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John Dirks Jr
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Wait a minute. The SEC is not connected at the top. It goes into a breaker in the middle. That looks weird. Any clues?

There was another abandoned SEC in the panel also. There must have been a problem with the original SEC so they disconnected it and fed a new one to the bus bar in the middle. ????

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Usually when I see that, they have replaced the main feed(service drop) from the street. Was it an overhead service drop? Did you test those clipped wires? My guess would be they are the old ones and just not removed. Either way that service panel and more than likely the service drop, needs to be replaced/updated.

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I found my first Zinsco. It was interesting. It had a 55amp main. The house was built in 1955. Just thought I'd share. I know it needs to be replaced but what are the specific issues with these?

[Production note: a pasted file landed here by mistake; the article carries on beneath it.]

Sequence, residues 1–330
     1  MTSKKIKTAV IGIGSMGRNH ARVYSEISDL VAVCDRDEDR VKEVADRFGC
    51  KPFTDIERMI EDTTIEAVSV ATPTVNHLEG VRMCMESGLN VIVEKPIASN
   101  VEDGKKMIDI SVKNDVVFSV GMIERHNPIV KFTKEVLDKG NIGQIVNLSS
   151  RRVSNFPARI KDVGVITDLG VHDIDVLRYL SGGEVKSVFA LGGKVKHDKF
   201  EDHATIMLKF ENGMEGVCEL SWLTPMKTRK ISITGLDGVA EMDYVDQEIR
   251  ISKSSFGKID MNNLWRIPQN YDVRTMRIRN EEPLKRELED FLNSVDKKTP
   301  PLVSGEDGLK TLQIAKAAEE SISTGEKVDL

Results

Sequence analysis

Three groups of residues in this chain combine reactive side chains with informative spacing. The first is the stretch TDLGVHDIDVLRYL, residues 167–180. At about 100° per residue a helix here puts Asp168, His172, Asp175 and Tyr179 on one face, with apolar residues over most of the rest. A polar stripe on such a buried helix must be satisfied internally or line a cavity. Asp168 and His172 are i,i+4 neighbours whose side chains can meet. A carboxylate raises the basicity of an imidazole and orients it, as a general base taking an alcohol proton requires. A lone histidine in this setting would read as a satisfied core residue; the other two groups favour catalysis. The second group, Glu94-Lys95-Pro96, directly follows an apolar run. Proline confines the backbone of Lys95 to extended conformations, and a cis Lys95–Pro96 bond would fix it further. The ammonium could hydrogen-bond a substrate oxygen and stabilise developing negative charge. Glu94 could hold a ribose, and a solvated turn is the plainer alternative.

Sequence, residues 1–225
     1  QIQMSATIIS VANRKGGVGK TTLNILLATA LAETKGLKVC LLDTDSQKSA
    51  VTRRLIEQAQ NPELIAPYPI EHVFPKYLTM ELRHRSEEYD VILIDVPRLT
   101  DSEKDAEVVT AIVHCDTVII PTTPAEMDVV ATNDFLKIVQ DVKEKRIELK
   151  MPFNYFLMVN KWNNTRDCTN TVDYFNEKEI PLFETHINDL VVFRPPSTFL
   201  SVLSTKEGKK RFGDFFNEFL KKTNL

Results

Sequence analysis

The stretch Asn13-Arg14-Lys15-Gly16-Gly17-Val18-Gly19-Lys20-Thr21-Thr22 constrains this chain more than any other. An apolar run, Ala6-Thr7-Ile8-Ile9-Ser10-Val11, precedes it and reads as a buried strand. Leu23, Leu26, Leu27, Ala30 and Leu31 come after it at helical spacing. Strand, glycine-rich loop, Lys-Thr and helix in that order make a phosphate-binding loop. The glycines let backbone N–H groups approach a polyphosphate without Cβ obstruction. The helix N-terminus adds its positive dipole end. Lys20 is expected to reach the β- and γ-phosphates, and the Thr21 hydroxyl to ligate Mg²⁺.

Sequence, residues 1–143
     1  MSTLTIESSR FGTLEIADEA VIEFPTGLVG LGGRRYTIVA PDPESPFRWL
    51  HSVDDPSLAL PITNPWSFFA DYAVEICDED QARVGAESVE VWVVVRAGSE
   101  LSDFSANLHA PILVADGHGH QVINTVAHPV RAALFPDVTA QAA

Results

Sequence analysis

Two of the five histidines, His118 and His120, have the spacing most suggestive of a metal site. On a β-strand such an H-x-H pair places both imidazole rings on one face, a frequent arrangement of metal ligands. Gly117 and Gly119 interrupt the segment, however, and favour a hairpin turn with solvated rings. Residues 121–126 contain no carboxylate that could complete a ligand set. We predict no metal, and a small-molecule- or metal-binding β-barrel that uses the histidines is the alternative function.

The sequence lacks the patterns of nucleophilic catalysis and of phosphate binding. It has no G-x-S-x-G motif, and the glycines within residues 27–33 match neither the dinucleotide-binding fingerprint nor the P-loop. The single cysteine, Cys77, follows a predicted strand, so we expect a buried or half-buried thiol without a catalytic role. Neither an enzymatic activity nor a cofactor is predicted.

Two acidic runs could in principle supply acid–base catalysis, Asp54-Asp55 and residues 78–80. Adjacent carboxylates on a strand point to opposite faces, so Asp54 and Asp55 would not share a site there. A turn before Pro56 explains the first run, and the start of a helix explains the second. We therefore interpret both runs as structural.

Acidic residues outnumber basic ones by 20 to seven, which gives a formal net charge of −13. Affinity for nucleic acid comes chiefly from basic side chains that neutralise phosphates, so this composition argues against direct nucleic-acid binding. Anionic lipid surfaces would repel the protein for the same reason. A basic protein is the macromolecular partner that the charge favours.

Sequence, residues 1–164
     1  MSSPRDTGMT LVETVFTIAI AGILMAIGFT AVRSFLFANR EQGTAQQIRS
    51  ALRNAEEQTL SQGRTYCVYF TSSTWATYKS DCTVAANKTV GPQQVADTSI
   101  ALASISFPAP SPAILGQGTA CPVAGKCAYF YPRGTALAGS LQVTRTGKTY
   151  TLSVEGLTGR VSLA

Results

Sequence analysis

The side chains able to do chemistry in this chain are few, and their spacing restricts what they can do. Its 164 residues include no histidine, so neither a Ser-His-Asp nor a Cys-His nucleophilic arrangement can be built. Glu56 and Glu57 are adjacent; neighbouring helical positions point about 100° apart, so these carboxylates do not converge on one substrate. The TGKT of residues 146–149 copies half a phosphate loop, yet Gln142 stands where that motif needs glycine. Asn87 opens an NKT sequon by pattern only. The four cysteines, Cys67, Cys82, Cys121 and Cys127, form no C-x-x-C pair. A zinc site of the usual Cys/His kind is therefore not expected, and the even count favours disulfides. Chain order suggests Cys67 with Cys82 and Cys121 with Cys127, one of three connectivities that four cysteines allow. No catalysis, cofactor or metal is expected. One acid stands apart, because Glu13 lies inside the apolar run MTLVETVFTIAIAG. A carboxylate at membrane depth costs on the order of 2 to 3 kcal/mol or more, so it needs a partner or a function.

The specific issues are mostly what Rob said but also that the bus bars can be pitted in places that you can't see. In this regard, I'd be particularly suspicious of that backfed breaker.

Backfed breakers are supposed to be secured in place. I don't know how you'd do that in a Zinsco design, though I suppose that there must have been a way.

Also, there's a ton of anecdotal evidence that the breakers are unreliable. Unfortunately, there isn't any hard data or actual statistical proof that they're unreliable. In my area, the electrician's will pretty much always back up a call to replace these panels -- even the stubborn electricians who will argue about FPE.

- Jim Katen, Oregon

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I have personally tested 20 amp (Zinsco) circuits with 30 amps on them that did not trip (see picture running 2 portable heaters and hairdryer at the same time). Jim K. is right in that there is not a lot of hard evidence on them except what you can find at http://www.inspect-ny.com/elec...sco.htm. I helped Daniel Friedman put this information together (most of the pictures are ones that I personally took). I don’t have time to log onto this site a lot. So if you have any specific questions I am at mrelectricoly@msn.com

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